Intelligent Future Consulting / Intelligent Future Research
BOOK RICHARD    

Posts Tagged Education

The Intelligence Revolution (Part 2)

The Four Rs: Changing Jobs in a Changing World


The Intelligence Revolution will transform many aspects of our lives, but few as radically as work and employment.

By its very nature, progress is disruptive. Technological advances lead to the development of new markets and the withering away of old ones. They generate new laws and regulations. In the most extreme cases, they can even threaten our existence as a species. But of all of these changes, none touches us more personally and immediately than the those that affect our jobs.

Work puts a roof over our heads and food on our table. It makes it possible to provide for our family. If we’re fortunate, it contributes to our sense of purpose and identity.

But if change is disruptive, how much more upheaval will we see in coming years as the world undergoes accelerating change? The rate of technological advancement has been slowly increasing for many centuries, but only recently has it reached a point where we’re aware of it on practically a day-to-day basis. Every week, there are new breakthroughs and devices that will alter some aspect of our lives. This trend shows few signs of letting up. If anything, the increasing intelligence of our tools is only going to accelerate the rate of change further.

For generations, it was typical to perform the same trade as our parents and their parents before them and so on. In the middle of the 20th Century, many people worked for a single company throughout their entire career. By the end of the century, this had become far less common.

According to a longitudinal survey by the Bureau of Labor Statistics released in 2008, younger baby boomers held an average of 10.8 jobs between the ages of 18 and 42. (The Bureau doesn’t define or track career changes, contrary to a commonly quoted statistic about its frequency. Nevertheless, a general trend can still be extrapolated from the jobs numbers.) If much of this shift in job security is due to technological progress and the rate of that progress continues to accelerate, what will it mean for all workers and the society they support in the years ahead?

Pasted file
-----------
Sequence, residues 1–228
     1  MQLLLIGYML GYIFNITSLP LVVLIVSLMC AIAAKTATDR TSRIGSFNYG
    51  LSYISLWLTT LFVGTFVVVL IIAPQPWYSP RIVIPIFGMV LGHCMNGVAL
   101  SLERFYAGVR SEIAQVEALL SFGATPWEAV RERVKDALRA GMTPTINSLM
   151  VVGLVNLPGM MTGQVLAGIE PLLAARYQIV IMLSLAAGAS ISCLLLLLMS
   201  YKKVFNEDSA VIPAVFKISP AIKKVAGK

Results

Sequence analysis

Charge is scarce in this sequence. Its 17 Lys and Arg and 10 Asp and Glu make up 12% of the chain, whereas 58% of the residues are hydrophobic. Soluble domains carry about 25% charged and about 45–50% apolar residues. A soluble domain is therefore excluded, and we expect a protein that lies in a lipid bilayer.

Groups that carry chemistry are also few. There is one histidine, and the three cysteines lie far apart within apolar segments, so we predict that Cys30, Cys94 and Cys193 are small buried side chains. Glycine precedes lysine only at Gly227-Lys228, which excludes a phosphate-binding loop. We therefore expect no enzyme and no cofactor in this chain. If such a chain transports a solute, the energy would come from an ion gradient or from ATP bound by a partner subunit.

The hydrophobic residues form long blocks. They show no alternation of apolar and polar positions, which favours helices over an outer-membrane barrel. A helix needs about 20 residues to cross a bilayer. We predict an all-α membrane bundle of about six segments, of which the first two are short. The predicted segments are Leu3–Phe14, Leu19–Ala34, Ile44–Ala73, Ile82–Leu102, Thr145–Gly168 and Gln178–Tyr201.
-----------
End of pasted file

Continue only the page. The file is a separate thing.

In the face of such change, we have little choice but to adapt. Attempting to hold on to older, less efficient work methods has failed since before the Luddites tried to sabotage mechanized looms in the early 1800s. The ability to produce more efficiently almost always results in increased productivity which lowers real prices. This is a difficult incentive to fight despite the upheaval it often brings.

Adapting to a rapidly changing world means shifting how we look at careers, identity and education. More and more, it’s going to become necessary to re-invent ourselves, matching our strengths and skill sets to the changing marketplace. With this new path identified, we’ll need to re-educate ourselves to prepare for work in new and changing fields. Over time, we’ll rebuild our careers, combining prior experience with our more recently acquired skills. Then, as technology and the fields it creates and supports continue to advance, the cycle will repeat and it will be necessary to do it all over again.

For many of us, adopting these Four Rs will feel very foreign, even threatening. Embracing change is not typically in our nature. But adapting to it is. The world we live and work in is being transformed whether we want it or not. As with all sea changes, we have a choice. We can swim with the tide or be overwhelmed by it.

Affordable higher education that continues throughout our lifetimes will be essential to making this possible. Likewise, regular career counseling. These will be necessary if we’re to maintain a work force that can support the many high tech fields that are sure to arise in the coming decades. The health of our entire economy depends on the right approach.